We’re here at last: Day Thirty, the final day, the last post of Loremageddon 2019! And, in appropriate fashion to this closing hour, I’m focusing on lore itself as it exists within the Twin Spirals. First we’ll do a brief rundown of Canno’s Planelords, but then it’s into all manner of lost and disappearing knowledge. One last time at the end of an era, would you follow me below the asterisks?
Snippet #1: The Planelords (World: Canno)
Perhaps it was Urzen who formed first, or maybe Tunekiri; Velshat is also a strong contender. The Planelords who rule all Canno’s demons cannot be sure now which of them emerged from the spirit realm’s emotional sea in the earliest day. They spent long centuries alone, and when the gods found and bound them at last, each was fully formed and close to the ruler of a plane already.
Urzen, who rules of the Plane of Flesh, accepted his bonds most readily. “I prefer to spend my time finding lovers and losing my wits,” he once told a demonologist. “Besides, I just had to take one look at the way mortals treat prostitutes when they’re not sanctioned; after that I decided I’d rather be legal.” This statement, at once flirty, reasonable, and concealing considerable bitterness, is typical of the Seventh Plane’s master as well as the domain he administrates.
Tunekiri would doubtless rule the Sixth Plane in perpetuity whether the gods sanctioned her reign or not. She took several centuries to complete her accord with the Cannoan Pantheon. This was not because she disliked the idea of working under divine rule, but because as the quintessential Demon of Bonds, she desired an ironclad contract with legal stipulations and protocols for every single contingency she could imagine. She then required a final decade to scribe methods and underlying logic for adding new rules to address anything she couldn’t imagine.
Of all the Planelords, only Heldag and Graida, the Planelords of Malice and Power respectively, attempted to resist. The Pantheon smote Graida from her throne first, shattering the rebellious Planelord. They gave Heldag the chance to kneel, but being spiteful by nature they refused, and so Stahrich destroyed them with a single vicious sweep of his hungry greatsword.
Otherwise, Urzen and Tunekiri retain their posts. Shelch rules the Plane of Destruction; it is less so a discrete Plane than a large number of planar shards which explode far more than necessary. Velshat rules the Plane of Chaos, which he has organized into just the sort of madhouse one would expect. Kathreek rules the Plane of Malice; her spite, unlike that of her predecessor, is now the same in essence as that of a rebellious teenager. Ossenu rules the Plane of Withering, and openly dislikes how busy Canno’s people keep him.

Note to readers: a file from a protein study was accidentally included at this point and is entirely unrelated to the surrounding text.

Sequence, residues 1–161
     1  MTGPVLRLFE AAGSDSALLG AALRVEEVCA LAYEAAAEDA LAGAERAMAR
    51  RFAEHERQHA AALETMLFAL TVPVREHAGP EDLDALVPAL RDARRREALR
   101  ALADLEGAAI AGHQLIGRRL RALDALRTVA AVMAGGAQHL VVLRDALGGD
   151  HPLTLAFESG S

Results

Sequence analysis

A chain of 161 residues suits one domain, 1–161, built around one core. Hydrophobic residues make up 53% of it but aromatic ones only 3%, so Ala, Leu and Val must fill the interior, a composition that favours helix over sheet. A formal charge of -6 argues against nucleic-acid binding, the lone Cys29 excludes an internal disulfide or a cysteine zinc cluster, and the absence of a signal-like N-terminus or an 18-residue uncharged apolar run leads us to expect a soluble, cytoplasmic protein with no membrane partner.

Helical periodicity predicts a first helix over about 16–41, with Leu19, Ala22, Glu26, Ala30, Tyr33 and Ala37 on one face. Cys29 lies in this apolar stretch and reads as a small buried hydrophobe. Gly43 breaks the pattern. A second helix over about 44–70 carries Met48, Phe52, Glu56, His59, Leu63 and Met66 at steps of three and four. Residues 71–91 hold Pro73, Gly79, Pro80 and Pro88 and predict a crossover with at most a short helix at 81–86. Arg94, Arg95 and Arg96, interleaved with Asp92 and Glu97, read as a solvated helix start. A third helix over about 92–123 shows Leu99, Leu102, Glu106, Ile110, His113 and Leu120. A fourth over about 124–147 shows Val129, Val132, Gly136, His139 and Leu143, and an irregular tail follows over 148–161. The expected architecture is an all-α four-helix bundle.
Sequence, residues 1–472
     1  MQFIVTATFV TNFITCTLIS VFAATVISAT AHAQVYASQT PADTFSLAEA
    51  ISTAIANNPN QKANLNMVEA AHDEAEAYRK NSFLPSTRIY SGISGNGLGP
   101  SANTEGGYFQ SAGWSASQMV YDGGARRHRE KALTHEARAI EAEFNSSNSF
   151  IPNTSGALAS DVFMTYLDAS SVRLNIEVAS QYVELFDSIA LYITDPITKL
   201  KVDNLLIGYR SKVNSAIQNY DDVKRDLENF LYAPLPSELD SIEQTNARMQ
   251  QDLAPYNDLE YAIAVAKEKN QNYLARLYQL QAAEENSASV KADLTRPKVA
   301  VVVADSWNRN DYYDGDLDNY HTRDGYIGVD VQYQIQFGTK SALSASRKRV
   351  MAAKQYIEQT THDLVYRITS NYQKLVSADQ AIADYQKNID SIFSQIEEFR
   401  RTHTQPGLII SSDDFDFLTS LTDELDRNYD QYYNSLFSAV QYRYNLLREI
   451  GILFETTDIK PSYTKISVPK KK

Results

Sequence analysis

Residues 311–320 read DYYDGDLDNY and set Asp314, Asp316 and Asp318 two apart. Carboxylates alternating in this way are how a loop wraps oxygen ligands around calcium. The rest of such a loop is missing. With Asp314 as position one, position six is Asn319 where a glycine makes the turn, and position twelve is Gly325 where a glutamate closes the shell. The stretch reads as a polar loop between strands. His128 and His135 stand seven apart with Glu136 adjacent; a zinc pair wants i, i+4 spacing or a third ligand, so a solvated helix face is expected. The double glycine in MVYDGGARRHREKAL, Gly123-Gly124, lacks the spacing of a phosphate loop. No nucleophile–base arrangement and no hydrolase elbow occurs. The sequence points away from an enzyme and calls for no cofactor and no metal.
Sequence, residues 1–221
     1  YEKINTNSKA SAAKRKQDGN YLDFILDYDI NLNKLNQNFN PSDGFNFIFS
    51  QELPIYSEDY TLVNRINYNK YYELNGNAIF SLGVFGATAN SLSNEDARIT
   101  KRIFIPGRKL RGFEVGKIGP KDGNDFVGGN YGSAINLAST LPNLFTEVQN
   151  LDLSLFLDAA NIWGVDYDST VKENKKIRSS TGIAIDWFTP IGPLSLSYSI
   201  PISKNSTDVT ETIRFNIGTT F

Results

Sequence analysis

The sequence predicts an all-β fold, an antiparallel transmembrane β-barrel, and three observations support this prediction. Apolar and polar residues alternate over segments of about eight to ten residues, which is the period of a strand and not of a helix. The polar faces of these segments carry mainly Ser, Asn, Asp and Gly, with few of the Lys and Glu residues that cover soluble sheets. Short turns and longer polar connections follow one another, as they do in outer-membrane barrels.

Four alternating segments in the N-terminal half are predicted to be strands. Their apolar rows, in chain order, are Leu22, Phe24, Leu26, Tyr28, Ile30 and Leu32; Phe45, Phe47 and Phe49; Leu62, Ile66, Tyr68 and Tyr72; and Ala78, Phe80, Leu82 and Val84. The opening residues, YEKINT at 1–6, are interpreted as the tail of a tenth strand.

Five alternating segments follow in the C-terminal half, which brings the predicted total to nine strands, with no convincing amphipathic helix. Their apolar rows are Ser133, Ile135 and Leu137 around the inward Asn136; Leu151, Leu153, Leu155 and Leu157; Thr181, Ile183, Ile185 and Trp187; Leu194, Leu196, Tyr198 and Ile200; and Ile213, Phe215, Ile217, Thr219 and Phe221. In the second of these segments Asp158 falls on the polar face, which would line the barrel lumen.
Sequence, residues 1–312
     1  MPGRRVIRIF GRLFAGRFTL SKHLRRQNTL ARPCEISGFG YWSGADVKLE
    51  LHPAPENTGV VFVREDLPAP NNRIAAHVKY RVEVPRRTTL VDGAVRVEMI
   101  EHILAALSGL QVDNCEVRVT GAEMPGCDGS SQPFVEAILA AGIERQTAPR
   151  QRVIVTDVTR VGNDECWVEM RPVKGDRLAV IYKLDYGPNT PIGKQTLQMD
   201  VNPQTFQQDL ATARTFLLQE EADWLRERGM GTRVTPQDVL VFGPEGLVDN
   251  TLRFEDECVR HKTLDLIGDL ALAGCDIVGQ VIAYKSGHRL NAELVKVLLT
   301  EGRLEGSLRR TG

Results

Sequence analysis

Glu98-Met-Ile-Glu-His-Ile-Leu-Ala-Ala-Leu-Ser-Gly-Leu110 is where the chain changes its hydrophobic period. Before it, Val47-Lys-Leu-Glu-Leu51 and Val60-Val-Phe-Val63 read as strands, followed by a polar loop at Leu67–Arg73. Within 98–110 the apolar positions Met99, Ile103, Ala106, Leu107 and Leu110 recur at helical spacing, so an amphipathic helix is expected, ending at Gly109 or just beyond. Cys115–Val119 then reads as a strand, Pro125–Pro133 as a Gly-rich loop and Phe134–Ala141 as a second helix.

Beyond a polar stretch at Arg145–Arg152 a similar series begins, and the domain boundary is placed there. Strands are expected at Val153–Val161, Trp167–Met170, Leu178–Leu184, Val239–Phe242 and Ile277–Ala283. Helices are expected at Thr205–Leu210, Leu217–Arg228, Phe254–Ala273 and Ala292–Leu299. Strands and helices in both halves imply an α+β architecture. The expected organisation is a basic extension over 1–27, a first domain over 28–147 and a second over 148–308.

Ai-ten rules the Plane of Presence, and does her best to keep everyone’s spirits up; she’s the most active of the Planelords on Canno itself. It’s unknown who rules the Plane of Power; demonologists believe the current Planelord is so ashamed at being under the gods’ authority that they refuse to let their identity be known.
Snippet #2: Lost Mythologies (Worlds: Canno, Creation’s Fringe)
No matter the world, the same process repeats when time runs long enough: a true event becomes distorted as the original records are lost. On Creation’s Fringe this has been the case for the Three Queens of the Apocalypse, deities ranging from Mirtulla to Anek and Bulok, and countless tales about empires with names like “the Dominion of the Starry Gauntlet” or “the Eternal Recant”.
On Canno, meanwhile, the Age of Splendors has become so steeped in rumors and folklore that historians either tear their hair out searching for a proper lead or fall prey to the craze themselves. The Tresar archaeologist Indror Bessala famously went mad searching for the Tomb of Emperor Kardos Sidra. Kardos was a legendary conqueror who Indror believed had lived just after the Age of Splendors, unifying Taifen until he died of old age and his unworthy sons threw away his triumph. The problem? Kardos was the invention of the ilbaret playwright Nassa Dessel.